Skip to main content

Conservation

USDA Looks to Conservation Finance to Deliver More Working Lands Conservation

The U.S. Department of Agriculture’s Natural Resources Conservation Service (NRCS) is the nation’s largest funder of conservation on private land. For decades, NRCS staff have worked hand-in-hand with America’s farmers, ranchers and forest landowners to provide hundreds of millions of dollars in funding and technical assistance, delivering valuable practices like cover crops, no-till, windbreaks, grazing management strategies and manure management facilities. Despite these efforts, less than ten percent of our nation’s working lands receive NRCS assistance in any given year. NRCS is constantly trying to close this gap, expanding the reach of its programs through innovative grant programs like the Conservation Innovation Grants (CIG) and the Alternative Funding Arrangement component of the Regional Conservation Partnership Program (RCPP AFA). Moreover, in recent years, the agency has begun exploring conservation finance as a new tool to deliver support for a diverse array of projects, benefiting a larger percentage of farmers, ranchers and private forest landowners.

Agricultural Innovation Takes Shape in Great Lakes Region, Helping Solve Solutions Today for Challenges Tomorrow

If we plan to survive in the future, we must address today’s most pressing concerns in agriculture. Preparing the land to continue to meet food, fiber, fuel, feed, and climate demands is a tall order to fill for growing populations. USDA has aligned all its resources, programs and research to give farmers with the tools they need to help meet these challenges.

APHIS Wildlife Biologists Aid Squirrel Recovery on the Delmarva

Many claim that 2020 has been a year of chaos and calamity, but for one rare squirrel, it might be a year of hope and new beginnings. The Delmarva Fox Squirrel (DFS) is a subspecies of fox squirrel found on the eastern shore of Maryland, Southern Delaware and Virginia. This pudgy, slow squirrel with its signature size and silvery-white coat has become a conservation success story in Maryland. Habitat loss along with other additive factors landed them on the Federal endangered species list in 1967. Protection and management efforts benefited DFS and in 2015, populations reached stable limits and they were officially delisted in Maryland. In parts of Delaware, DFS populations were not as prolific and numbers began to dwindle over time leaving only a few small populations.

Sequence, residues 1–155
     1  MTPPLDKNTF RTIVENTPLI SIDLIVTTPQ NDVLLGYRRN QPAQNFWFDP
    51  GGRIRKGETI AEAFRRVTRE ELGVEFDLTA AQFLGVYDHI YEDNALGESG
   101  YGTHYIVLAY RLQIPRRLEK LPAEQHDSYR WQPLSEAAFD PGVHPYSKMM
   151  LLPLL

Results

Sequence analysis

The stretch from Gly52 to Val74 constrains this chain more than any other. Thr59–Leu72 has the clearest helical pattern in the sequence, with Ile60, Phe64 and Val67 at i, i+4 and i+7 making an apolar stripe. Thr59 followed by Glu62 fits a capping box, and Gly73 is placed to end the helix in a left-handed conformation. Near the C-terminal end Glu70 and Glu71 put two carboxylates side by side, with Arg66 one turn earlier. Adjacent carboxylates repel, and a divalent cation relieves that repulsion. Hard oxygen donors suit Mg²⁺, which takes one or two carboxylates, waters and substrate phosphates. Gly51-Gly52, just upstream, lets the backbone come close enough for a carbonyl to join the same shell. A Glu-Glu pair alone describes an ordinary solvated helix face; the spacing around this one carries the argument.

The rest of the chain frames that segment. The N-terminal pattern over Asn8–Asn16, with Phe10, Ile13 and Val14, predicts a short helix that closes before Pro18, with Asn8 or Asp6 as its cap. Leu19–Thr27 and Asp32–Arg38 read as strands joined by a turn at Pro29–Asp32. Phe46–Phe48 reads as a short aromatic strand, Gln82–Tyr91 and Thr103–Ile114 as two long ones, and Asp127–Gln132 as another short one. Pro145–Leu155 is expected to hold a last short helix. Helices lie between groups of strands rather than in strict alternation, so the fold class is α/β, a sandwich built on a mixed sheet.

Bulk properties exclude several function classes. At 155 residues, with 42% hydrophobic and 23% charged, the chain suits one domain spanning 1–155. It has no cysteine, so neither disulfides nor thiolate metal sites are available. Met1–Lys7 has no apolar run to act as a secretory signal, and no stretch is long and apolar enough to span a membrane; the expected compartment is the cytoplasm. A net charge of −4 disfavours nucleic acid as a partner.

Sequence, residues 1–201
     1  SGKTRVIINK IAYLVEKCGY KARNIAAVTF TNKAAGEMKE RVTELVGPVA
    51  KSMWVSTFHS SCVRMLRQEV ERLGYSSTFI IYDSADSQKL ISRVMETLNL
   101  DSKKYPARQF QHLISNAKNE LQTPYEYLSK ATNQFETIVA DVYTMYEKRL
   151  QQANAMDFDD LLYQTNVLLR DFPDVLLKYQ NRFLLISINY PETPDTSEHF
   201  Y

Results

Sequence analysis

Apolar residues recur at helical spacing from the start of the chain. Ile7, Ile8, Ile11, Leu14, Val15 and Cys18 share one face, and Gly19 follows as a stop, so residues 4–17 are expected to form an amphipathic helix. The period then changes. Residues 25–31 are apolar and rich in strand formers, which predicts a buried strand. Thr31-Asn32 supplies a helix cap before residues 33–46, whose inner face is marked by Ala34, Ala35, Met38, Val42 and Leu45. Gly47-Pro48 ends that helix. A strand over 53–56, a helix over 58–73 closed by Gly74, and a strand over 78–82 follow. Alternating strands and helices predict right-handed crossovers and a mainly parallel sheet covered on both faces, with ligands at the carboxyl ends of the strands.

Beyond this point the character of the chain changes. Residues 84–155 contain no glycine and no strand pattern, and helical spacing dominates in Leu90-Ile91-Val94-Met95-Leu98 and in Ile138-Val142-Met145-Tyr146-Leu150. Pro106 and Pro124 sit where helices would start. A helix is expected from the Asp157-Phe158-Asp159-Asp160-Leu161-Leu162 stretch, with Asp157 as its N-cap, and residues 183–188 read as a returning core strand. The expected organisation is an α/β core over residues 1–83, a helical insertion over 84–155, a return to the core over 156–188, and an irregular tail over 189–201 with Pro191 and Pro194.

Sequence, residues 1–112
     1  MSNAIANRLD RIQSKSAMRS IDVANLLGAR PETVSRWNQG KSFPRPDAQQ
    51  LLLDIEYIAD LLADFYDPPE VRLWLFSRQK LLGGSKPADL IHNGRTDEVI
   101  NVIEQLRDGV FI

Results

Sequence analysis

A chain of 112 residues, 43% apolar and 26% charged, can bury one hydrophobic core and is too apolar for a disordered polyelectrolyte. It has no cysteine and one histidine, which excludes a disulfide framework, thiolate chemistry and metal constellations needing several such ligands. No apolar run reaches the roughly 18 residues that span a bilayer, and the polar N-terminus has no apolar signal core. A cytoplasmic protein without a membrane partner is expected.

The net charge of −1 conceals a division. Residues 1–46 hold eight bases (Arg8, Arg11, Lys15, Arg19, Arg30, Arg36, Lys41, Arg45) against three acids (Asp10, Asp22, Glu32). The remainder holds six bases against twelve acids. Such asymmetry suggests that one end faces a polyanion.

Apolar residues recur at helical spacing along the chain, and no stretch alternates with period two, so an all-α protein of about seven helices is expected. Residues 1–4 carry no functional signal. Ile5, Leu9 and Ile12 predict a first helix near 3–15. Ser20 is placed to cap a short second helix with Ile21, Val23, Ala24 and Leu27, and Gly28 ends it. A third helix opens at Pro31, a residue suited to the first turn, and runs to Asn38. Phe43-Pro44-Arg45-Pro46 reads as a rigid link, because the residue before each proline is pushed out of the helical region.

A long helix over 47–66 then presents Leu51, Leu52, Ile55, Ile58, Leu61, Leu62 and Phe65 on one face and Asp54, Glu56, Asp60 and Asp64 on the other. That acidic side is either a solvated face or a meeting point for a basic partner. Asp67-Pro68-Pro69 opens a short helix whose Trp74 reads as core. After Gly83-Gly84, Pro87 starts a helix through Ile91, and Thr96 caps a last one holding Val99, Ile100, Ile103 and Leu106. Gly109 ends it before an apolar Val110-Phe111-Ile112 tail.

The Fox Canyon Water Market: A Market-Based Tool for Groundwater Conservation Goes Live

Ventura County, California, is an agricultural powerhouse. In 2017, its revenues from agriculture were an estimated $2.1 billion. It also faces extraordinary population pressure, with nearly 450 people per square mile – about five times the average population density of the United States. Both agriculture and infrastructure are dependent on, and impacted by, the availability of water – which has itself been impacted by California’s rapidly-diminishing groundwater reserves.

Conservation Tools Help Producers Make Positive Impacts on Changing Climate

America’s farmers and ranchers are helping put the nation on track to a healthier and more resilient environment in the face of a changing climate. While agriculture only contributes 9 percent of U.S. greenhouse gas emissions, it offers a variety of opportunities to reduce emissions and cut carbon from the atmosphere. The U.S. Department of Agriculture (USDA) is committed to help producers become even better conservation stewards by providing the tools they need to do the job.

USDA Observes the 10 Year Anniversary of the Deepwater Horizon Oil Spill

Today marks 10 years since the Deepwater Horizon oil spill. USDA, through its Natural Resources Conservation Service (NRCS) and U.S. Forest Service, worked alongside other federal agencies to respond to this disaster and supported the Gulf of Mexico region in its prevention, preparedness and restoration efforts.

From Vacant Lot to Community Gathering Place, Water Quality Program Awarded for Innovation

Deep in the heart of the Corn Belt, a different kind of agriculture is taking root in the city of Peoria, Illinois. Back in 2016, USDA’s Natural Resources Conservation Service (NRCS) awarded Chicago-based Greenprint Partners a Conservation Innovation Grant (CIG). Partnering with the city and other local community groups, a long-vacant lot in downtown Peoria has been transformed into a vibrant community gathering space with green infrastructure, an urban forest, and a working farm.